PHILIPSBURG—The Legislation requiring mandatory driving license road tests to be carried out using only manual transmission vehicles will soon become a thing of the past. Acting TEATT Minister Omar Ottley recently signed the LBHAM to amend the existing (landsbesluit inrichting rijexams). The existing legislation mandates that the road test for prospective drivers be carried out in manual transmission vehicles only.
However, once the relevant departments and the Council of Advice vet the proposed amendment to the LBHAM, persons taking their driving exams can decide if they want to take their road test using an automatic or manual transmission vehicle.
Ottley said, “The challenges experienced by persons taking driving examinations were reviewed by the Ministry. This was necessary, especially considering that the process has not been updated to reflect the changing times.”
The Ministry of TEATT (Tourism, Economic Affairs, Transportation & Telecommunication) has been working on the changes to the driving test as part of its goal to modernize and simplify processes. Ottley said the work that the Ministry of TEATT has done to identify the challenges with the driver’s license testing process was “commendable.”
Many people on the island have expressed concerns about the driving license process. As Government, we cannot ignore the comments. Still, we must take a measured approach towards improvements wherever necessary. The driving test system at present is one such area that needs to be revamped.”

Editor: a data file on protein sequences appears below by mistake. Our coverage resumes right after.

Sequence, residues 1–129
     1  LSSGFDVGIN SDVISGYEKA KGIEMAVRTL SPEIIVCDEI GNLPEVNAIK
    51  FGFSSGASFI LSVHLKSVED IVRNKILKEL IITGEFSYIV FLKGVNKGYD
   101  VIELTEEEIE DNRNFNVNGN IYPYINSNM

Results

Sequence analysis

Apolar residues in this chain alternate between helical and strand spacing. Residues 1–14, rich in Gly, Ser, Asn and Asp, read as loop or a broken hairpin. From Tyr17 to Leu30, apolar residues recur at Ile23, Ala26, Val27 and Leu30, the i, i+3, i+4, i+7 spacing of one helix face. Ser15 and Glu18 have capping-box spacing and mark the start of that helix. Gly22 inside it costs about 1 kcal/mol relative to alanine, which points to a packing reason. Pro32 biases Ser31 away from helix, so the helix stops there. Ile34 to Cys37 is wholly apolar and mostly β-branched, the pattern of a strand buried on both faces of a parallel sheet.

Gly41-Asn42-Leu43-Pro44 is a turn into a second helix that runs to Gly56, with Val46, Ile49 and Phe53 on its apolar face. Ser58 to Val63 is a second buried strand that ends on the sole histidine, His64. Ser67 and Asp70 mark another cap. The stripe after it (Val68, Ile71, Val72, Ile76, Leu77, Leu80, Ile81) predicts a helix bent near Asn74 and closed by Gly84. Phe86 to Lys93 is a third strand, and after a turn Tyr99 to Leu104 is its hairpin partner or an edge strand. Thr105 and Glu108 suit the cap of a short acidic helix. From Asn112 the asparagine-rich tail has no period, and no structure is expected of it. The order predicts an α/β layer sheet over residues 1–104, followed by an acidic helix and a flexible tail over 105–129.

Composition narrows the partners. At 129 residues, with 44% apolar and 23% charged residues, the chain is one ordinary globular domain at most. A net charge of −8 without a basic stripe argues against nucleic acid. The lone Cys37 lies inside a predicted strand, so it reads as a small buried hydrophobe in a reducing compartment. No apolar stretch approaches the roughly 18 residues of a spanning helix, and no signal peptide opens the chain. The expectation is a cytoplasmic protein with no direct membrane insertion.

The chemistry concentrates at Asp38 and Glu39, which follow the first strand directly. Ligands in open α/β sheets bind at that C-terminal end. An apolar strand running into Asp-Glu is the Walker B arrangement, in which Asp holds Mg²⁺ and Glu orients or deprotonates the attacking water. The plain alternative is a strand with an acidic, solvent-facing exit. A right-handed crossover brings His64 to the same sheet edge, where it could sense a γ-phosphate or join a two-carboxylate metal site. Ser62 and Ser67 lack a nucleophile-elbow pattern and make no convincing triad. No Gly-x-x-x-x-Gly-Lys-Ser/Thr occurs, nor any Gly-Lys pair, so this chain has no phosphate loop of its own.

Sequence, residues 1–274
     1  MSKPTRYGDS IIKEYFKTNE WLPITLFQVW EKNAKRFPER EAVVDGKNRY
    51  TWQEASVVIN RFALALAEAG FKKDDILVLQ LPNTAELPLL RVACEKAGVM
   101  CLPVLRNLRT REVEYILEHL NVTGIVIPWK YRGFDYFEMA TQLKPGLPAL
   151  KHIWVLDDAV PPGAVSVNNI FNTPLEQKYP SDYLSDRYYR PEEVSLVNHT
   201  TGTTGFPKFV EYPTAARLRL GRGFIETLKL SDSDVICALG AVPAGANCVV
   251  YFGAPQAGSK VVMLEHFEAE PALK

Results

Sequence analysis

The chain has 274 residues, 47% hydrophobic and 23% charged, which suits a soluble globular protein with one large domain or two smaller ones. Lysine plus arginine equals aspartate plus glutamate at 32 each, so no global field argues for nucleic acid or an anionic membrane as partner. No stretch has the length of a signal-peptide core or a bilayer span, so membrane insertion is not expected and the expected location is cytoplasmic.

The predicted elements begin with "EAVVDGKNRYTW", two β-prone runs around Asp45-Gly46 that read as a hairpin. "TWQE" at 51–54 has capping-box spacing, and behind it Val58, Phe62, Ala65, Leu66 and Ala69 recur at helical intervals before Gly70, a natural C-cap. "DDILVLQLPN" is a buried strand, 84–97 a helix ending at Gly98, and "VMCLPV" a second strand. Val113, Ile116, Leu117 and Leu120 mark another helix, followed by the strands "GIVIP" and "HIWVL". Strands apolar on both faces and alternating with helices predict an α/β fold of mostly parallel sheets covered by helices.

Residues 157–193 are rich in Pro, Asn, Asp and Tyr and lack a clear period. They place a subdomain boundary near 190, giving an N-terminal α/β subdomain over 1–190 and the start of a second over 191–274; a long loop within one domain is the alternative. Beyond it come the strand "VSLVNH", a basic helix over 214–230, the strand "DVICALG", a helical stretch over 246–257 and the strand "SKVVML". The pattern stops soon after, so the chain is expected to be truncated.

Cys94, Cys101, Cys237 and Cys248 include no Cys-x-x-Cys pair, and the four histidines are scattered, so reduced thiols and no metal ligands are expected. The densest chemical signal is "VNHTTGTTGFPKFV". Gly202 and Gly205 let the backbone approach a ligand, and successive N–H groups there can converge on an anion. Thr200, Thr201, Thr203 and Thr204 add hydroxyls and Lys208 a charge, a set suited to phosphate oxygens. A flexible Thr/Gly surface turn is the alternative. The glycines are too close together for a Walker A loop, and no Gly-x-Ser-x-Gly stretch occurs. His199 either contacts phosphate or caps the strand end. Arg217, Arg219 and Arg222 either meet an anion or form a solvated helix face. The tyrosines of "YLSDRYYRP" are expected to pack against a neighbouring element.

The Ministry conducted an extensive study into the driver’s license testing process and identified short, mid and long term adjustments that it believes will significantly improve the experience for driving license candidates. The study included a closer look at the type of imported vehicles over the past five years. According to the release, the amendment to allow testing using automatic transmission vehicles is only the beginning. Taking examinations using only cars with manual transmission was identified as one of the main areas of concern.
Ottley said the decision took into consideration a recent survey which indicates 90 per cent of the vehicles sold are automatic vs only 10 per cent being manual transmission. The Vehicle Inspection Centre also suggested that most inspections are carried out on cars with automatic transmission.
“We know that although people take their driving test using manual transmission vehicles, they buy an automatic vehicle once they pass their exam. This shows that learning to drive the standard/manual transmission vehicle was a formality, in most cases,” said Ottley.
The Minister said maintaining examinations in vehicles with manual transmissions as the only option no longer reflected the reality of the island.